The hospital I work at is making changes to the hospital protocol. I am a new graduate so I am unsure of where or not this change is appropriate, none of the nureses approve of the changes but it was passed anyways.
We are to notify and document the call to the physician for ANY rate change, this includes from SB to SR, SR to ST. It does not allow us to use common sense ei. we are walking a patient and they temporarly to into ST, wea re required to call the MD, even if it is 2am.
My second problem isn't necessarily with protocol. They are trying to take the main tele station out of the CICU/stepdown unit and put it down the corridor into the ICU. One would think it would be the other way around. Bringing it all into the CICU but, we all know how administration works.
Does anyone else have a protocol like this?
The nursing admin. wants us to enforce this call at every change just so that we tick the Dr's off. Then they will force the hospital to chenge the policy again. I do not believe this is good for nursing. We need to make the change not have the dr's dictate what we do.
I need advice if you have any.
Jul 29, '03
That policy sounds pretty stupid too me and one that's sure to tick off the doctors!
What was the impetus behind the change?
Jul 29, '03
I agree, I think that it sounds silly as you would be calling the docs quite often. I work in CCU and we have many standing protocols depending on the patient/procedure, etc. We only call if we do not have a standing order that covers the change or it is significant, ie: if we have a patient go into rapid afib we follow our protocol, we do not have to call unluess the pt becomes unstable or the HR remains about parameter... we have quite a few standing orders and areas we can use our judgement in...if the patient is symptomatic/BP changes/significant or unexpected change from baseline, etc, of course we will call. If the change is unusual or detrimental, calling is better than not. I don't see the problem if patient goes from SB to SR. Do you have a person that can get together with the docs and figure out some sort of protocol that allows for some critical thinking/common sense to be used.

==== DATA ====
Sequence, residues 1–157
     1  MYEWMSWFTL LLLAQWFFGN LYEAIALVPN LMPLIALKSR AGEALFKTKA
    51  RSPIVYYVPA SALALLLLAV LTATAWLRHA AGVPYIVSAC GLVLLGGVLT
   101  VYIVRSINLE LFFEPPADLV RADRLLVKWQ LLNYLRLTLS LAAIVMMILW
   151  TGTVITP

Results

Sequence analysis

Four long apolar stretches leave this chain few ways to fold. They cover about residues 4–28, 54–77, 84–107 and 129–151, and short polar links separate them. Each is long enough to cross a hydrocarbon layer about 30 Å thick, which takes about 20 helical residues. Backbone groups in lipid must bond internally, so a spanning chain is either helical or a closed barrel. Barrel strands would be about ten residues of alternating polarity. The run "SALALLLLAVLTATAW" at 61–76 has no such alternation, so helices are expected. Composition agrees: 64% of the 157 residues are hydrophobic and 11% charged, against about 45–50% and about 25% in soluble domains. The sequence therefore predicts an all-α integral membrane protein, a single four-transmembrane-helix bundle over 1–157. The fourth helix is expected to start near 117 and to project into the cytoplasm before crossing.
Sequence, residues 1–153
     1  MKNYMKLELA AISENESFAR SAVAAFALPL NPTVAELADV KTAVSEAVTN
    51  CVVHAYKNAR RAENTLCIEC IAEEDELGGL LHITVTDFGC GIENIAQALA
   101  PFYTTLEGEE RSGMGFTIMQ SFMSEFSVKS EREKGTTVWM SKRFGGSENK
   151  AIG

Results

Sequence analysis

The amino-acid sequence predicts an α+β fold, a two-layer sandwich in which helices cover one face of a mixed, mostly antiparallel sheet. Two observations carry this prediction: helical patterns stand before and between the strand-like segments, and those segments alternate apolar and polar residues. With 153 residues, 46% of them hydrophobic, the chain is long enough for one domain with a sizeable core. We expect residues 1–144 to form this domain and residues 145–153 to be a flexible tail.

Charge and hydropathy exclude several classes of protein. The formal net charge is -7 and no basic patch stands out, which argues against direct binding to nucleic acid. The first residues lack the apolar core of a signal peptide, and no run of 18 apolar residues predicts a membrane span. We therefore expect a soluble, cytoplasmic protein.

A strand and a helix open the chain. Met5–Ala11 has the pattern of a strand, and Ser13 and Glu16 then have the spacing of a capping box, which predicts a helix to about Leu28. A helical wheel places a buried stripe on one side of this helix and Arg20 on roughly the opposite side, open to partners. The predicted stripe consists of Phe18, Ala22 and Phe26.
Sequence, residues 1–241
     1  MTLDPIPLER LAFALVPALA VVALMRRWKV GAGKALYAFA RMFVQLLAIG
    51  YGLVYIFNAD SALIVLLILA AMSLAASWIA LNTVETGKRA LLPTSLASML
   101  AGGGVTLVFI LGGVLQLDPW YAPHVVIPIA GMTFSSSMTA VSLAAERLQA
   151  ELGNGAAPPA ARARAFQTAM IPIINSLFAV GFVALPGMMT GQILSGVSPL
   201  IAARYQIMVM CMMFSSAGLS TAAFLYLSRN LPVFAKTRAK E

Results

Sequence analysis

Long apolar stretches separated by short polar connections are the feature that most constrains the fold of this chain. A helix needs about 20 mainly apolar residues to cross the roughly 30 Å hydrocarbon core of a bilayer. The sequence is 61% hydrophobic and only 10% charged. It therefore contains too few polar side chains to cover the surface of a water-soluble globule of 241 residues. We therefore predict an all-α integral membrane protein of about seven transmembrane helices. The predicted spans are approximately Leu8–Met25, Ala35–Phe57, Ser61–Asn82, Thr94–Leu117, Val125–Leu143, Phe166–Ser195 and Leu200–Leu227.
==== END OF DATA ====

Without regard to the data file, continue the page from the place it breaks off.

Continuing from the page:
Oct 14, '03
I suspect this rather etreme policy resulted from one mishap. This is likely a knee jerk reaction to prevent it from occuring again. Surely someone from nursing must have participated in creation of this policy change? That would be a good place to start looking for the rationale. I would streer clear of any close personal "die on the hill" type of statements until you know for sure the "lay of the land", so to speak.
Oct 14, '03
I bet this new policy wouldn't last a week if you actually start following it to a "T" What about the patient who heart rate hangs around 50-70 bpm, that would be many phone calls each time the hr goes in or out of sinus to brady and vice versa.
We have standing order for Lidocaine we treat 10 or more consecutive pvc at a rate of 150 or greater. Though most cardiologist override this and treat symptomatic arrhythmmias. We have atropine for hr less than 40 and symptomatic. For other tachy arrhythmmias we use nursing judgement. We wouldn't call md for 6 sec of svt and never more, we would just document a monitor strips.
We have pt that go in and out of A fib freq during our stay and if the md is aware that this is going on we don't call each time they go in/out of it.
You guys should take a pool on how long this policy will last if you follow it.
Oct 14, '03
What about a modified policy stating something along the lines, Notify if MD if HR > or < X bpm, sustained longer than X minutes while at rest, or if pt becomes symptomatic/ change in VS, or if pt changes from sinus to other rhythm. These are things you'd end up calling the doc for anyway, but it would be clearly spelled out for those that want the policy in place. Just some thoughts.....
If you guys use preprinted orders at all, some of these areas could have blanks for docs to fill out parameters specific to each pt?
Last edit by neneRN on Oct 14, '03
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